Sep 12, 2011

The institutional economics of "The Lord of the Rings" (Part 2 of 5)

This is based on pages 100-200 of the "Fellowship of the Ring (Houghton Mifflin: 1994):"
  • The democratic institutional system lost its prevalence the farther away one moved from Hobbiton. Trust also diminished. The Bucklanders for example kept their doors locked after dark, which was not usual in The Shire. He or She who was the most powerful ruled. 
  • Private property remained at the margins of The Shire. It is likely that private property was enforced by the owner's power only. 
  • There is no evidence of provision of public goods.
  • What was the political order in the places beyond The Shire? Tom Bombadil for example was the master of the Old Forest -- although "things in the forest own themselves," his authority came from his power and knowledge. Tom Bombadil was a benevolent dictator. "Tom is not master of Riders from the Black Land far beyond his country." Tom was more powerful than Great Willow who also lived in the Old Forest (his heart was rotten).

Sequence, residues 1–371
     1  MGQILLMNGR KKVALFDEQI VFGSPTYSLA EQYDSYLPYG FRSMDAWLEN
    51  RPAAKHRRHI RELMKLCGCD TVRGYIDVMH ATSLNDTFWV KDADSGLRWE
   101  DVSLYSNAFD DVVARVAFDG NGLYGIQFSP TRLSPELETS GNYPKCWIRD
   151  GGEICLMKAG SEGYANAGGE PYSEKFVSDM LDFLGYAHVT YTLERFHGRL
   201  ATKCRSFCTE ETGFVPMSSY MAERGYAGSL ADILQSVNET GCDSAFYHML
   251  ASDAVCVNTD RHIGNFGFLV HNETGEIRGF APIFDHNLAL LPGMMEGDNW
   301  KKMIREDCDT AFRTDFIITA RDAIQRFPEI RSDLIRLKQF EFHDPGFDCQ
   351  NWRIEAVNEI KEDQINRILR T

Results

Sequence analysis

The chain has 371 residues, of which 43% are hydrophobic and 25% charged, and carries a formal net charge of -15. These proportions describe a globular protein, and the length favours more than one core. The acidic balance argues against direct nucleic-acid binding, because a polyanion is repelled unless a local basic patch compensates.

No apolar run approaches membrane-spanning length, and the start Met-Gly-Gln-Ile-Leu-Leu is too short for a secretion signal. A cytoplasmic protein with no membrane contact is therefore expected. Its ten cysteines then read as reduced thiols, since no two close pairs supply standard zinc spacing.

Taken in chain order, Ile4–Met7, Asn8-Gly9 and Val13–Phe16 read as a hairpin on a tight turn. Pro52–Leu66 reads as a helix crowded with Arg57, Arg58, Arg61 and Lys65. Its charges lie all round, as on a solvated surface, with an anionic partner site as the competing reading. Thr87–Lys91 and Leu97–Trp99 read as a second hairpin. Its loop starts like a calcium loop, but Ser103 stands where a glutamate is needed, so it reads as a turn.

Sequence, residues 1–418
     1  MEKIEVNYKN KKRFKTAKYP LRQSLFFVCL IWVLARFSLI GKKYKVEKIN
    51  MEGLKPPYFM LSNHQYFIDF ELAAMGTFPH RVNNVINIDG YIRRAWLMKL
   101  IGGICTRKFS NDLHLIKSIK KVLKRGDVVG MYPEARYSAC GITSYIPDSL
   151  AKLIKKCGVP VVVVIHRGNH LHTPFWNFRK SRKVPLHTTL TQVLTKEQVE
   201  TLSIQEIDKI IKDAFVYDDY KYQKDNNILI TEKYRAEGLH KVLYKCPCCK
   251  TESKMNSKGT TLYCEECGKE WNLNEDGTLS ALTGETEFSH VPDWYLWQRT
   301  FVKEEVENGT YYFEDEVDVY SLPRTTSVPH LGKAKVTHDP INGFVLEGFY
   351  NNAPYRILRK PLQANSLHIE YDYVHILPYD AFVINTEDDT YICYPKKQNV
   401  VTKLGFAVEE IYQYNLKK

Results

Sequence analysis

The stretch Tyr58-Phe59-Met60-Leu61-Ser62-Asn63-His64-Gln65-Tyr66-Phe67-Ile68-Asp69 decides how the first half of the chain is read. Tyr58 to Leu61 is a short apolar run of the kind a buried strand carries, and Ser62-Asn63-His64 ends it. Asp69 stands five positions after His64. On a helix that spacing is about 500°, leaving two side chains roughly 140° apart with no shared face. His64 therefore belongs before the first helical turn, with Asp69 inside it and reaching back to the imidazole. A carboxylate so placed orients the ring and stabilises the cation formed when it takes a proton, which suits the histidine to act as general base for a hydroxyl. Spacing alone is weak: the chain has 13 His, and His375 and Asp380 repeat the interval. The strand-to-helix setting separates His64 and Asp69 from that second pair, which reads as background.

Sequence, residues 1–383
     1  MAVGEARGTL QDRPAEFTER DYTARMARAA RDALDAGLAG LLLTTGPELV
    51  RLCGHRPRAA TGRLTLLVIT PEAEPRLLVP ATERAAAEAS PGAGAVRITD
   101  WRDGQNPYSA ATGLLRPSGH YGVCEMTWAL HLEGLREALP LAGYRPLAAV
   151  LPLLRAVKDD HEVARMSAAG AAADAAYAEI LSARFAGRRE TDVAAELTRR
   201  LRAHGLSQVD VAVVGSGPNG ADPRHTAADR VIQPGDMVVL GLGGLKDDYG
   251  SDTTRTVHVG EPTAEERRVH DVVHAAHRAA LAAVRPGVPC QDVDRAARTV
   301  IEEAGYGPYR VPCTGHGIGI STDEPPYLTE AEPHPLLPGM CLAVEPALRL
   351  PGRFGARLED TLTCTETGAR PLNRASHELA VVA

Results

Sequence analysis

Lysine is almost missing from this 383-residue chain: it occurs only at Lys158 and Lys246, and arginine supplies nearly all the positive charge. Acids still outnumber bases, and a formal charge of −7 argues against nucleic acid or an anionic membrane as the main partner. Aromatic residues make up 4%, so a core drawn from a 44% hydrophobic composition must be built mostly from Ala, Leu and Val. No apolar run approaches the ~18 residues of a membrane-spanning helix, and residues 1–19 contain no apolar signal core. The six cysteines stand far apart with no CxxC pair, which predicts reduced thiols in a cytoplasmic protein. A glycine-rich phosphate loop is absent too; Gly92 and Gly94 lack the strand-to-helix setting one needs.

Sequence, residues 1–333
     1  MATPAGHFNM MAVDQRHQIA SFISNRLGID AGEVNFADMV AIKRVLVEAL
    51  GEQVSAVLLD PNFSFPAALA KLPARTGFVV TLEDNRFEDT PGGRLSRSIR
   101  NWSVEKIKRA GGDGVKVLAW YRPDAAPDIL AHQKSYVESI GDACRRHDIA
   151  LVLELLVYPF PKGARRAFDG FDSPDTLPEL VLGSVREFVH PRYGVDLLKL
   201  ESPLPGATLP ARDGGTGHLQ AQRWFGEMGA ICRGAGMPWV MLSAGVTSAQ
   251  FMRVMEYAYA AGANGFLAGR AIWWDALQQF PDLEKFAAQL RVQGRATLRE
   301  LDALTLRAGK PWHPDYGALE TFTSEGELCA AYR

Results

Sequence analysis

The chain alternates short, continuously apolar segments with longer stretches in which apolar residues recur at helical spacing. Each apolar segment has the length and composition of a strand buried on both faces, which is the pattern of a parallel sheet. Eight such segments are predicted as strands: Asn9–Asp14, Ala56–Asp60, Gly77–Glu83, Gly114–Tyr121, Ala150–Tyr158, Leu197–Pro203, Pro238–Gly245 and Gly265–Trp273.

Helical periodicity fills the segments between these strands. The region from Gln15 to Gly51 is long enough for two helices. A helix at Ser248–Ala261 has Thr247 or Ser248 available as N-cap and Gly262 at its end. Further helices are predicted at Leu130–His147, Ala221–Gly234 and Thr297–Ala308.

• Tom was not tempted by the ring. He was the eldest. He was before the Dark Lord. 
  • Middle Earth is a territory of different islands of power, archipelagos of different orders.
  • Frodo was humble, follows advice, and was a leader. Its leadership comes from his wisdom. Possessing the ring and being Bilbo's inheritor also gave him leadership. Gandalf gave authority to him as well. 
  • Sauron was a despotic dictator whose evil power was displacing people. 
  • Cooperation emerged among the Hobbits and Elves against the power of Sauron. Having a common enemy in this case generated cooperation. 
  • An informal rule: "Some things are ill to hear when the word's in shadow."

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